Brindabellaspis stensioi, a remarkable placoderm fish that swam about 400 million years ago (Early Devonian period), had a long snout, reminiscent of a platypus bill, according to new research published in the journal Royal Society Open Science.
Brindabellaspis stensioi was first found in 1980 in limestone around Lake Burrinjuck in New South Wales, Australia, an area containing some of the world’s earliest known reef fish fauna.
“This was one strange looking fish,” said lead author Dr. Benedict King, a researcher at the Naturalis Biodiversity Centre and Flinders University, who, with colleagues, reconstructed two new specimens of Brindabellaspis stensioi.
“The eyes were on top of the head, and the nostrils came out of the eye sockets. There was this long snout at the front, and the jaws were positioned very far forward.”
Brindabellaspis stensioi had another surprise: a unique sensory system on the snout which turned out to be a modified form of the pressure sensor system found in other fish.
“We suspect that this animal was a bottom-dweller. We imagine it used the bill to search for prey, somewhat like a platypus, while the eyes on top of the head looked out for danger from above,” said Flinders University’s Professor John Long, co-author of the study.
“When we saw the dense sensory tubes on another broken snout, we immediately thought of the local platypus. I am very gratified there is finally an accurate reconstruction of this strange skull,” said co-author Dr. Gavin Young, from the Research School of Physics and Engineering at Australian National University.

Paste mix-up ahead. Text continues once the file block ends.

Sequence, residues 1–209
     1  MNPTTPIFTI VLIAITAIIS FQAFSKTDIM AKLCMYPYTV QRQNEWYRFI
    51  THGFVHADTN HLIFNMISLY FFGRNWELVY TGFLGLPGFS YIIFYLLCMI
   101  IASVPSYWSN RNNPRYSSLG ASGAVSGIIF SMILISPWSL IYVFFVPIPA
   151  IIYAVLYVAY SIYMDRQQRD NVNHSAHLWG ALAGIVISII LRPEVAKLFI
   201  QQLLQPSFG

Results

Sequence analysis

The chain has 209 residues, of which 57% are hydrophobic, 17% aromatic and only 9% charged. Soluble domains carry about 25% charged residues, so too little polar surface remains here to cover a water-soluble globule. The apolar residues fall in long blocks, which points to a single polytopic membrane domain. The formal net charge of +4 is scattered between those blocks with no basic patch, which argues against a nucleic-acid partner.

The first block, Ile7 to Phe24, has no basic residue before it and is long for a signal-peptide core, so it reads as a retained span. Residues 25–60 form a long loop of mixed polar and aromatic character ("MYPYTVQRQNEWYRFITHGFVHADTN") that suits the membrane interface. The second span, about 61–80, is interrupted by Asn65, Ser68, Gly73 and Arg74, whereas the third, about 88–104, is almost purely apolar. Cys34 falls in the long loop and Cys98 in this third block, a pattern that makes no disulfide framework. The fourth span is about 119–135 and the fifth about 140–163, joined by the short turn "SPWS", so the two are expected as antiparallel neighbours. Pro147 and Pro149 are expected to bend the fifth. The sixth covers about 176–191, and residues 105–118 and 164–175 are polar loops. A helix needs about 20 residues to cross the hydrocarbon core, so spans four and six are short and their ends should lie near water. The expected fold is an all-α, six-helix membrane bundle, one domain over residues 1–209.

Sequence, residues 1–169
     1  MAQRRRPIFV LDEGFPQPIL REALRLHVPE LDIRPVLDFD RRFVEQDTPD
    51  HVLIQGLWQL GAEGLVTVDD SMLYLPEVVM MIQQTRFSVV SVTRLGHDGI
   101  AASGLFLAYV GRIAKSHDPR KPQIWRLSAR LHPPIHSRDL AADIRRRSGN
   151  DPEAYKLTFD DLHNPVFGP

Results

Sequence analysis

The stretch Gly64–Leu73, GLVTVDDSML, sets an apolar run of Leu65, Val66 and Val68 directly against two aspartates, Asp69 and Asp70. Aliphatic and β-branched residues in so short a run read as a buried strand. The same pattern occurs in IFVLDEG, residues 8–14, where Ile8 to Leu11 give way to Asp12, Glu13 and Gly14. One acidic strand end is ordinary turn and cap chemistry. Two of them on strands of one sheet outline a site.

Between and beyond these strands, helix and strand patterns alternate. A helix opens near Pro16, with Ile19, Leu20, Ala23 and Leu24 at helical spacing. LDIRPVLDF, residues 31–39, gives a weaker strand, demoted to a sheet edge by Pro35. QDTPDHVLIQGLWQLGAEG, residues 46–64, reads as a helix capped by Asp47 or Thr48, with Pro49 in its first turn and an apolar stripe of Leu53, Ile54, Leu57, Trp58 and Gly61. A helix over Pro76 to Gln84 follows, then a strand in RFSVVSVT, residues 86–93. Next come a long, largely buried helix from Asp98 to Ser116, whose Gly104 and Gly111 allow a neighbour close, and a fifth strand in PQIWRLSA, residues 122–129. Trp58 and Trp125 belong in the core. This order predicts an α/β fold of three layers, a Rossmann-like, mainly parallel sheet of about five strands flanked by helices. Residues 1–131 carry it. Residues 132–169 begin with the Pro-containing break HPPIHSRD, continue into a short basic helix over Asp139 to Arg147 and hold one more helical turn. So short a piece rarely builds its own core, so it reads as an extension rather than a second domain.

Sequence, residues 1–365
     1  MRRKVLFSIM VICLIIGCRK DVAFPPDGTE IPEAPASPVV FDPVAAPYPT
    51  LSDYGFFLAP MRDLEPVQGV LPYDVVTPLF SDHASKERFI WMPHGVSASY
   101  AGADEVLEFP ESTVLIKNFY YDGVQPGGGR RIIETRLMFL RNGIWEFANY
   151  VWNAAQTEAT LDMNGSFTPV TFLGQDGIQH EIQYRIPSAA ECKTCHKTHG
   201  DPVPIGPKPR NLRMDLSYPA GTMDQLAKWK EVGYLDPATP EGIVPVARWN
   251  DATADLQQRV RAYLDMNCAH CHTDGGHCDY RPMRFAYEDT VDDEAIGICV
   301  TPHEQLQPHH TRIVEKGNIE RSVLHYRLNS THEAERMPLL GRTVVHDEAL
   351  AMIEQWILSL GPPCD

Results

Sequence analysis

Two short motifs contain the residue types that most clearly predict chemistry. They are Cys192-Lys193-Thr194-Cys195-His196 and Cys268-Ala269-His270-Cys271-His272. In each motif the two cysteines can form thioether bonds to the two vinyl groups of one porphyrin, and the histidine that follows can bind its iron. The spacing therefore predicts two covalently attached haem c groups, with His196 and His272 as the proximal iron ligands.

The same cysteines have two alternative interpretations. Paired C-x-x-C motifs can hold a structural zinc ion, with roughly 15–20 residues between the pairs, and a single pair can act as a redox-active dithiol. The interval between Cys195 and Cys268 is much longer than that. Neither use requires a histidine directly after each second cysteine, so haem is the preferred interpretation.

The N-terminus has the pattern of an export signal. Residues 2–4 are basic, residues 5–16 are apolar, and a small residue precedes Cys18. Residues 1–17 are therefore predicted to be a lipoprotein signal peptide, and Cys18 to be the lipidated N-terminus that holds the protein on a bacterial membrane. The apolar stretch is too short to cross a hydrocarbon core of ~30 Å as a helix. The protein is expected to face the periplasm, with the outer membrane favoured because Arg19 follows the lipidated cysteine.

“There are over 70 species of fish known from this ancient coral reef ecosystem, and this finding shows they came in all shapes and sizes,” he added.
“Clearly this ancient reef was a thriving hotspot for evolution, as are the coral reefs of more recent times.”
“The fossil re-examination filled in the gaps, but not in a way anyone expected. Despite this being one of the earliest well-known ecosystems including many species of fish, the inhabitants of this ancient reef were clearly not in any way primitive,” Professor Long said.
“The new findings show that they were highly adapted and specialized in their own right.”
Benedict King et al. 2018. New information on Brindabellaspis stensioi Young, 1980, highlights morphological disparity in Early Devonian placoderms. R. Soc. open sci 5: 180094; doi: 10.1098/rsos.180094